Hospitals prepared for threat of anthrax

Posted: Sunday, October 21, 2001

Anthrax outbreaks in New York, Washington, D.C., and Florida have caused a rash of copycat pranks, paranoia of any white, powdery substances and fear even in Alaska of a disease that, according to medical experts, is not as serious as people seem to think.

"We deal with much more serious diseases on a daily basis at the hospital that are much more dangerous and have similar deadly effects if not treated," said Charlie Franz, administrator of South Peninsula Hospital in Homer. "People need to understand not to panic, it's a very manageable problem we're dealing with. People need to have some trust in us. We really are working and trying to give you straight information about what's going on."

Anthrax is an infectious disease of wild and domesticated animals, especially cattle and sheep, caused by bacteria spores that can be transmitted to people. It is considered a potential weapon in biological warfare.

Anthrax can infect people in three different ways -- by touch, by inhalation and by digestion. All three infections can be treated with antibiotics, the most popular of which is the high-powered Cipro, Franz said.

Central Peninsula General Hospital in Soldotna maintains an ample stock of antibiotics.

"We keep a couple week's supply of just about everything," said Bonnie Nichols, director of marketing and public relations at CPGH.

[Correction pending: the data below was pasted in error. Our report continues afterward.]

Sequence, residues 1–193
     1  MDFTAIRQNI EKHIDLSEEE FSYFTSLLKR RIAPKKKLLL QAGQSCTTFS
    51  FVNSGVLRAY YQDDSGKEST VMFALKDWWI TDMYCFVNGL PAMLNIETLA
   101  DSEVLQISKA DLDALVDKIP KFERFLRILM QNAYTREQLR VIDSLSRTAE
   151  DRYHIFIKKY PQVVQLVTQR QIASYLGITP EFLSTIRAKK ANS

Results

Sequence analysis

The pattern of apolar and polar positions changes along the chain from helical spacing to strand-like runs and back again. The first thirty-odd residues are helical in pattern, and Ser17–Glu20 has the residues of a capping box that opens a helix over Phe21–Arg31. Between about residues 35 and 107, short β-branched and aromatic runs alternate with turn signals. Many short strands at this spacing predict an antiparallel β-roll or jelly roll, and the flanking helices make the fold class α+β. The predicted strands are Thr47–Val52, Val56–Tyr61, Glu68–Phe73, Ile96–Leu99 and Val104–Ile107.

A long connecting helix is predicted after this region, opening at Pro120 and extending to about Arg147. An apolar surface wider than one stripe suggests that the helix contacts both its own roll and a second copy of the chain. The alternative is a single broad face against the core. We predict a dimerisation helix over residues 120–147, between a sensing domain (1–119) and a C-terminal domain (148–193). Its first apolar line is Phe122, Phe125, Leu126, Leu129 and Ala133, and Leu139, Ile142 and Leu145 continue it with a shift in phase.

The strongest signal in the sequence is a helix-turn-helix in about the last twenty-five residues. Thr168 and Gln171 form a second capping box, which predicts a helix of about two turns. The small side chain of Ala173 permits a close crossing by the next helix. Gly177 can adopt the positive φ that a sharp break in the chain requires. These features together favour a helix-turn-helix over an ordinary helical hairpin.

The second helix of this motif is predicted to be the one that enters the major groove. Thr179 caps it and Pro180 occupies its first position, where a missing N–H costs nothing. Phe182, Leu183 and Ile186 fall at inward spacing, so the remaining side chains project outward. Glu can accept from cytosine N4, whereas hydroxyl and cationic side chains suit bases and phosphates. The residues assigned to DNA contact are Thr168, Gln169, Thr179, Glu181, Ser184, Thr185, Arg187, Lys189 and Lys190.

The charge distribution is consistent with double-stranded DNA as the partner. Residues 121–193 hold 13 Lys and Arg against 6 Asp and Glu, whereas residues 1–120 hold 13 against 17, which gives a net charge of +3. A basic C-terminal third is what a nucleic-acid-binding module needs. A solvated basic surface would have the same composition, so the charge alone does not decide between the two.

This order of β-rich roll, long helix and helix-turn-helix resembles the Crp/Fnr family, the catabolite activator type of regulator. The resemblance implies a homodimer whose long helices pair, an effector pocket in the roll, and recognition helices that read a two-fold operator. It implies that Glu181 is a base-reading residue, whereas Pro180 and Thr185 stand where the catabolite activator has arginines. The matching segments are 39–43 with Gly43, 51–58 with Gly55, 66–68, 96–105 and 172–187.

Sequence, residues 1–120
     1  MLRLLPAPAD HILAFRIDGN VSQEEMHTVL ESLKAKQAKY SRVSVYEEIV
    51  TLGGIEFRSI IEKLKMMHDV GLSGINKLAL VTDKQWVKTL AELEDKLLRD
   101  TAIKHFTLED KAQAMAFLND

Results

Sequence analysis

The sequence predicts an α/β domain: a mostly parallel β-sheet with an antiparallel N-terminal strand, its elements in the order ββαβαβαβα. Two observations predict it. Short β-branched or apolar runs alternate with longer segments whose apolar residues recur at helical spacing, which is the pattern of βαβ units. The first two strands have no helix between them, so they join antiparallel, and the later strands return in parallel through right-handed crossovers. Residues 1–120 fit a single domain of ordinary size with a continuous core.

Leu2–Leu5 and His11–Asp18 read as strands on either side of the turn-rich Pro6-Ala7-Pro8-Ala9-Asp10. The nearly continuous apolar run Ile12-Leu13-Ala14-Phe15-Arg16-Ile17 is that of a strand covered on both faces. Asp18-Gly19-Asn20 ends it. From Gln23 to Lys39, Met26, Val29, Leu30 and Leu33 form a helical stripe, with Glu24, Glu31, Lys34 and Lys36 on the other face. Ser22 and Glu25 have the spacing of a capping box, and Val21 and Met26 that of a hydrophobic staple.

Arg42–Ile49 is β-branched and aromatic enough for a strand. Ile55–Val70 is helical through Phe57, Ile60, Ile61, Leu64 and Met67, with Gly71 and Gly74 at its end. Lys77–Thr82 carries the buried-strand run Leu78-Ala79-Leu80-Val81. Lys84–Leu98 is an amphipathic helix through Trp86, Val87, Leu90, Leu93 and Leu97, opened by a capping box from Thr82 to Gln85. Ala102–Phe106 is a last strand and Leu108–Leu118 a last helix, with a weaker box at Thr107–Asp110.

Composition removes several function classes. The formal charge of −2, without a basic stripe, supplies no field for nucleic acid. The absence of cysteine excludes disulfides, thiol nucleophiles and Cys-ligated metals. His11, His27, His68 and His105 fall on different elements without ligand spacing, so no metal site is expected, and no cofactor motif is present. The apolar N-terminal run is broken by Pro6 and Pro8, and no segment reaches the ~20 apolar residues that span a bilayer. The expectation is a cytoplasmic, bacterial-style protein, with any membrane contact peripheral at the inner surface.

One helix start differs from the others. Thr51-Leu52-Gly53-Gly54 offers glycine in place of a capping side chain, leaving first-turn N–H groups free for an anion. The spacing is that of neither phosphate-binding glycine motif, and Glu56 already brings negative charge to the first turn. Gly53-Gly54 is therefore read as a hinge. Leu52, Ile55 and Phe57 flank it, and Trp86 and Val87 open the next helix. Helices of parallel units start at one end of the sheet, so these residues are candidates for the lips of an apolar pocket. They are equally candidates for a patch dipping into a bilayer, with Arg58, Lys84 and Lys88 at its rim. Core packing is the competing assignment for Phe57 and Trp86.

Alaska hospitals prepare for other kinds of disasters that could interfere with the transport of necessary items, so stocks, like antibiotics, are kept on hand, Nichols said.

South Peninsula Hospital has reserve stocks as well.

"We inventoried our antibiotics in the hospital and checked with both pharmacies in town, and we have an ample supply to treat several hundred people for two to thee days." Franz said. "I can't imagine we'd have an emergency that would involve a significant number of people on the peninsula, it's incomprehensible to me. I just don't believe that the terrorists have looked on the map and picked out the Kenai Peninsula as a place to attack."

Anthrax contracted through the skin, or cutaneous anthrax, is far less threatening than the other two varieties. Cutaneous anthrax can only be contracted by anthrax spores coming in contact with broken skin. Anthrax cannot be absorbed or contracted through healthy skin. Anyone who has touched anthrax spores or gotten it on their clothing simply needs to wash the contaminated areas and their clothes with hot water and soap, Franz said. As long as the skin is intact, anthrax will not be contracted.

If there is a break in the skin and anthrax spores enter the wound, an ulcer-looking sore with a black center will result. As uncomfortable as these sores may be, the fatality rate for cutaneous anthrax is only 20 percent, Franz said. Death from cutaneous anthrax only results secondarily, such as if sores form around the neck and create airway problems from swelling, not from the disease itself.

Gastrointestinal anthrax is more serious and has a higher fatality rate than cutaneous anthrax, but is much harder to contract. This type of contamination happens from ingesting anthrax spores, as from tainted meat.